Over the last decade, there has been a growing consensus as to the relevance of the concept of wellbeing to global policy and practice in sustainable development. In particular, the use of multi-dimensional wellbeing as a central concept in the MA has opened up ecosystem services and poverty research to more holistic multidimensional approaches. This chapter reviews ESPA research that engages with a multi-dimensional concept of wellbeing in the context of ecosystem services, and relates findings to the broader wellbeing literature. We establish three key findings, which are particularly important in efforts to harness ecosystem services to produce sustainable wellbeing outcomes. First, recognising the need for social differentiation in understanding ecosystem-wellbeing relationships; second, identifying and tackling trade-offs between different ecosystem services and dimensions of wellbeing; and third, highlighting inequality and injustice around how ecosystem services are distributed. We conclude by discussing the implications of these findings for poverty reduction and the global sustainable development agenda.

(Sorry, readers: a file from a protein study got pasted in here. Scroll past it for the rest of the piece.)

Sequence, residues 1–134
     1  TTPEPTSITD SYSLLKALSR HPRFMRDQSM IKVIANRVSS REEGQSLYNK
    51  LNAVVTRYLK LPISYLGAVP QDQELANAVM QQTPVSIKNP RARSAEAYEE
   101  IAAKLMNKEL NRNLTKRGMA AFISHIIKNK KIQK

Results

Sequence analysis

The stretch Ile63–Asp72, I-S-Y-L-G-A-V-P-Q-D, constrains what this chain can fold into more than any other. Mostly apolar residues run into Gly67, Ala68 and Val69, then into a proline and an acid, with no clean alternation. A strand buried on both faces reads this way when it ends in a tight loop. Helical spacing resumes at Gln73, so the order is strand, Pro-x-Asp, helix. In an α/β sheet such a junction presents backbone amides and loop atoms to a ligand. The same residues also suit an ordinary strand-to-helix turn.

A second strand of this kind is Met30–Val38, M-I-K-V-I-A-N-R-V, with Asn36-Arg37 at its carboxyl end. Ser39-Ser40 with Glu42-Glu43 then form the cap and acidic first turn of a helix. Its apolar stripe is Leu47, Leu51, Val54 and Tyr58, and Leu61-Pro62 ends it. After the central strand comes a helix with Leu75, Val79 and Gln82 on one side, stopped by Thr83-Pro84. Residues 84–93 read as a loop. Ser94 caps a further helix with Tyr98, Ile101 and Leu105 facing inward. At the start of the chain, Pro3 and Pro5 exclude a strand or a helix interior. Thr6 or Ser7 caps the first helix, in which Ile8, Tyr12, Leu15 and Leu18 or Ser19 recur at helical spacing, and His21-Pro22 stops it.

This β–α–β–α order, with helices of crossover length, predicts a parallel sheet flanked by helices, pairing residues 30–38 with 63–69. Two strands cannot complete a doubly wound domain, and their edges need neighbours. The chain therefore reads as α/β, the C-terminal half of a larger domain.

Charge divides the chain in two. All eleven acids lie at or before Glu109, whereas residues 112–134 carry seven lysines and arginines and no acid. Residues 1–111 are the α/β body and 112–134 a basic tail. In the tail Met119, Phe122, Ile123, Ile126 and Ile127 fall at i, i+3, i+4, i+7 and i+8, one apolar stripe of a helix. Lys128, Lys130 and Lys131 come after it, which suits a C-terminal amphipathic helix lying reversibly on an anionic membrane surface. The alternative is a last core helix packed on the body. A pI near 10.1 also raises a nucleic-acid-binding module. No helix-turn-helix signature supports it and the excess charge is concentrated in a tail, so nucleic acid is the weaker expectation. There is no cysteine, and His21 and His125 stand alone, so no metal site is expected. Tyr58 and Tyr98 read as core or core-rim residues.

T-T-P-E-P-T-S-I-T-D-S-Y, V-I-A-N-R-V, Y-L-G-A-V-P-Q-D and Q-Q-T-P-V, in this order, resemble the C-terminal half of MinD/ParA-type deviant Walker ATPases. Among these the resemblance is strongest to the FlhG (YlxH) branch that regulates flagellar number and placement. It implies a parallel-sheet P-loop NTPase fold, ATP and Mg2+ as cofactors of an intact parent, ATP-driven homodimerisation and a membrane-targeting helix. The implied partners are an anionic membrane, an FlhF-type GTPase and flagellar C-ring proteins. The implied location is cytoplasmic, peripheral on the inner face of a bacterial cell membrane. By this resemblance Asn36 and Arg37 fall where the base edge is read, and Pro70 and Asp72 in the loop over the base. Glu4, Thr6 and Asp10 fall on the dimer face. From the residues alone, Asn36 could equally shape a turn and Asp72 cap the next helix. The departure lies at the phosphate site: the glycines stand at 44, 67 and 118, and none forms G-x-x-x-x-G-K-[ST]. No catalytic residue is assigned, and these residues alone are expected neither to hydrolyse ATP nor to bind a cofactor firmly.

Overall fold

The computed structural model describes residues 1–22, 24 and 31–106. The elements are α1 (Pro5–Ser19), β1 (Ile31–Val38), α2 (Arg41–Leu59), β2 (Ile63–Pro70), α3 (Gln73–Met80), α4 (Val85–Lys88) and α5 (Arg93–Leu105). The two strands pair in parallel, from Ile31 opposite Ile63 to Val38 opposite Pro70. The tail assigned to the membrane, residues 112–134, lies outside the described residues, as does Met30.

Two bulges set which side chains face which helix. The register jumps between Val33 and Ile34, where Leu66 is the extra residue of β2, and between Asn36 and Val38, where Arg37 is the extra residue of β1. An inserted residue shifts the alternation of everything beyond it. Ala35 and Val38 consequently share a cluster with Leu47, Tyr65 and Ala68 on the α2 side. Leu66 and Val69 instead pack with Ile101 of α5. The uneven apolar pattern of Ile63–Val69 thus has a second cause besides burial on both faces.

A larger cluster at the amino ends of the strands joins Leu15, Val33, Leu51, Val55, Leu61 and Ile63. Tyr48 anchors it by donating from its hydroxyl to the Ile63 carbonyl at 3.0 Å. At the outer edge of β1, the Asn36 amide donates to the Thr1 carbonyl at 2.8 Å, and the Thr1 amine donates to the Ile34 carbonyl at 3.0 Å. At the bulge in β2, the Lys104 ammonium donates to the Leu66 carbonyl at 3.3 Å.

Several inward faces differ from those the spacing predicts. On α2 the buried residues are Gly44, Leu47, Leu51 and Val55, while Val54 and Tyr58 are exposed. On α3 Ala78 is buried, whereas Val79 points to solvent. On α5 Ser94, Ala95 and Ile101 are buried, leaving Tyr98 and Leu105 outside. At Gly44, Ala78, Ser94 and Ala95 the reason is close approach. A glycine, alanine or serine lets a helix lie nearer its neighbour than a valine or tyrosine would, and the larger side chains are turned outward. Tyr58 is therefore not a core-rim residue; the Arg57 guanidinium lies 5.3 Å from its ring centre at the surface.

|Title of host publication||Ecosystem Services and Poverty Alleviation|
|Subtitle of host publication||Trade-Offs and Governance|
|Publisher||Taylor & Francis|
|Number of pages||14|
|Publication status||Published - 9 May 2018|